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Tumbler
     

Tumbler

4.0 1
by Brand Gamblin
 

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Libby Carter wanted to get away from it all, so she took a job mining asteroids as far out into the inky blackness as possible. However, her escape turned into a trap, leaving her stuck in indentured servitude, living on a tiny rock in space. As she tries to dig herself out, she gains friends and finds adventure.

Overview

Libby Carter wanted to get away from it all, so she took a job mining asteroids as far out into the inky blackness as possible. However, her escape turned into a trap, leaving her stuck in indentured servitude, living on a tiny rock in space. As she tries to dig herself out, she gains friends and finds adventure.

Product Details

BN ID:
2940000794999
Publisher:
Brand Gamblin
Publication date:
12/01/2009
Sold by:
Smashwords
Format:
NOOK Book
File size:
267 KB
Age Range:
13 Years

Meet the Author

A graduate of Texas Tech University with a Bachelors in Computer Science, Brand has been a video game programmer for the majority of his life, working for such companies as Microprose, Acclaim, and Firaxis. He is now working as a User Interface Programmer for a Network Security company.

He participated in the National Novel Writing month in 2008, and won with the novel Tumbler. Since that time, Tumbler has been made into a podiobook, and is actively seeking a publisher.

in 2009, Brand again joined in the NaNoWriMo, this time writing a Steampunk retelling of George Orwell's most famous work, which he has titled 1884. At the time of this writing, 1884 is still in development.

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Tumbler 4 out of 5 based on 0 ratings. 1 reviews.
David_Wuensche More than 1 year ago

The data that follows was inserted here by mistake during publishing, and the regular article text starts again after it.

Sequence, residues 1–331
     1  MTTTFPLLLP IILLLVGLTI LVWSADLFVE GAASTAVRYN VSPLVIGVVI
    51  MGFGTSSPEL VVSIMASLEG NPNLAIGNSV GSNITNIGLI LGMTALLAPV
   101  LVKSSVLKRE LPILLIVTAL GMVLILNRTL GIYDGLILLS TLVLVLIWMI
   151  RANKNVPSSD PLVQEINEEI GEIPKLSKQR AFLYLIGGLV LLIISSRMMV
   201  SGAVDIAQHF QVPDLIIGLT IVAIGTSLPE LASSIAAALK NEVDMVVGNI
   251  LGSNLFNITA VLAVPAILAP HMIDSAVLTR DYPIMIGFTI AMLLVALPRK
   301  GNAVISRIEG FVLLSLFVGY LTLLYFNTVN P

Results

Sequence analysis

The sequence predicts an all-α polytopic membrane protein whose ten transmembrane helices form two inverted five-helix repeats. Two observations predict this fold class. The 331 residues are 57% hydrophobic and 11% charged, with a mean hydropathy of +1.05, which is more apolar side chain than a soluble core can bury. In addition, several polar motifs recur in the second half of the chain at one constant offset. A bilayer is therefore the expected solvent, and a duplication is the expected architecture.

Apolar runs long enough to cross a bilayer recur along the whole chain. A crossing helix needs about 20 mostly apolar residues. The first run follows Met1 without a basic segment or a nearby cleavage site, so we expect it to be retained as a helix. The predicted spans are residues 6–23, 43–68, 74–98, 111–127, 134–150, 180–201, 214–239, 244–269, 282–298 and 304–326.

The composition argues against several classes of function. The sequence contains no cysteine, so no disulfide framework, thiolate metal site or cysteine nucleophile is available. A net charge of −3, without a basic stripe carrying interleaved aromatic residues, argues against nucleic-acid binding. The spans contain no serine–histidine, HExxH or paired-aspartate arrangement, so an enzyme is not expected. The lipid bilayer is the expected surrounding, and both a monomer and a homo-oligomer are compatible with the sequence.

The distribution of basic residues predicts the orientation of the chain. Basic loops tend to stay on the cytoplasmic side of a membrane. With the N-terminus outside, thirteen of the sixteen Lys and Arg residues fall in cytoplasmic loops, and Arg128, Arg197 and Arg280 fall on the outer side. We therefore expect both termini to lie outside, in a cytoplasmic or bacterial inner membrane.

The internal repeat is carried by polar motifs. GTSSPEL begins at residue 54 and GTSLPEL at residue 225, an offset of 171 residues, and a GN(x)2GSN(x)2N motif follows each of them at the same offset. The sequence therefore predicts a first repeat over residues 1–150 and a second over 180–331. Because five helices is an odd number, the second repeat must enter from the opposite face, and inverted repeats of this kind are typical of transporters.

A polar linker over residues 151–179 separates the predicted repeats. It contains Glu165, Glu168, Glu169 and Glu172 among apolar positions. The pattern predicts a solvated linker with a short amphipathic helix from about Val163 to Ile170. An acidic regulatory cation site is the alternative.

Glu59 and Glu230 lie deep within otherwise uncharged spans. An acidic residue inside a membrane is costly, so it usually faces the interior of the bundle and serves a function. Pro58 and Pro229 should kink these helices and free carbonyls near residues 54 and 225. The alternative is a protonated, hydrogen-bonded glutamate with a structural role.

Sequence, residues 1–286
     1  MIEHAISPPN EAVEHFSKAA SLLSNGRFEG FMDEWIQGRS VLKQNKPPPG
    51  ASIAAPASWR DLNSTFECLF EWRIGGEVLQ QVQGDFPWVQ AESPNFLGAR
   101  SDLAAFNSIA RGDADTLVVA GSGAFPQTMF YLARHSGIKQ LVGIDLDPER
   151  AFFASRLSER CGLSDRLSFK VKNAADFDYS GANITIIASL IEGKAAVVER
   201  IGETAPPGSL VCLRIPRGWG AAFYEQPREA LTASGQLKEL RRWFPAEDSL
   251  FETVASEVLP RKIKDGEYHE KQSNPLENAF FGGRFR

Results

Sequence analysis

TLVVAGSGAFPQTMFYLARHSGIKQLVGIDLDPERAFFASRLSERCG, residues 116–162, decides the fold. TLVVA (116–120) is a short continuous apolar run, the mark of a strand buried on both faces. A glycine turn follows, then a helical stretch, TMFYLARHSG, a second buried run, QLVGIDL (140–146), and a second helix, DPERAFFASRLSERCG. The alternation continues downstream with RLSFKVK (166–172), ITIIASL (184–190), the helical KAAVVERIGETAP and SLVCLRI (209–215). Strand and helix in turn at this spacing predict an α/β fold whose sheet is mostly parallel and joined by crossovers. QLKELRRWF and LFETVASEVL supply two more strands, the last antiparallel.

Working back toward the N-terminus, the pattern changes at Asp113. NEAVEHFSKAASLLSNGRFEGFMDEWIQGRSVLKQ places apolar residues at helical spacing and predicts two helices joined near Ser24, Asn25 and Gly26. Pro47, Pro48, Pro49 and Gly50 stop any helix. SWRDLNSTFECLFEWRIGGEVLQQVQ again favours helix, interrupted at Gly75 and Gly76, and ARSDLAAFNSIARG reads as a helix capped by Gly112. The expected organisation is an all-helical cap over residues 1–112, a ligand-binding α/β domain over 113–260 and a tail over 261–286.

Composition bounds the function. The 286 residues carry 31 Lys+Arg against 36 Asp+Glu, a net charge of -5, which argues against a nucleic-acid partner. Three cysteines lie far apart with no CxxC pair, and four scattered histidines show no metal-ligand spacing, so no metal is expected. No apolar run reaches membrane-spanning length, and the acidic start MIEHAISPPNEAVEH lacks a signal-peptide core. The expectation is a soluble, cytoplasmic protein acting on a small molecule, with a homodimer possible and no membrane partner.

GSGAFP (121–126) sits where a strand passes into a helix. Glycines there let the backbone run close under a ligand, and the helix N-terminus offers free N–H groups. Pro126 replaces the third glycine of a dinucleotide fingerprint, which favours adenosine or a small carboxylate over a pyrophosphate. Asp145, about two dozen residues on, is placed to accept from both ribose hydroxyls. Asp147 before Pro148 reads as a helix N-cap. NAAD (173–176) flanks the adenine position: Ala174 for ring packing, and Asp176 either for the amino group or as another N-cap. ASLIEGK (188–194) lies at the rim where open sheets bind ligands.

There was a time when most science fiction on television was referred to as "westerns in space". Brand Gamblin's "Tumbler" falls in a similar vein, but does a better job of including a modern understanding of life in outer space. Tumbler tells the story of Elizabeth "Libby" Carter, a woman tricked into taking a job as a deep-space miner in exchange for a chance to work an asteroid of her own. Naturally, work is sparse and her rock leaves much to be desired. With a bit of amusement, the locals brand her with the nickname "Tumbler." Gamblin does a good job of helping the reader sympathize with Libby's predicament. She deals with many of the trials and tribulations that come from learning a new job in a new place just as any regular resident of Earth might with a mundane job. Her feelings towards her job and her co-workers change with time and experience, but it is her attitude that helps set her apart from her peers as the community deals with more than one difficult trial. On the scientific side, the mining company is certainly a plausible setup for an outer space commercial operation. The habitats, transportation, and mining operation are all very detailed. The only overly scientific quirks deal with the portrayal of weightlessness, and the lack of any mention of an airlock. Overall, a good read. The cover is particularly fitting, with the bored-looking Libby clearly unamused at the magnitude of her predicament. There are no over spelling or grammatical errors in this text. At 179 Nook pages, Tumber is a little on the short side for a $4.95 ebook. This was not a factor in this review, and the book was rated solely on the basis of its content.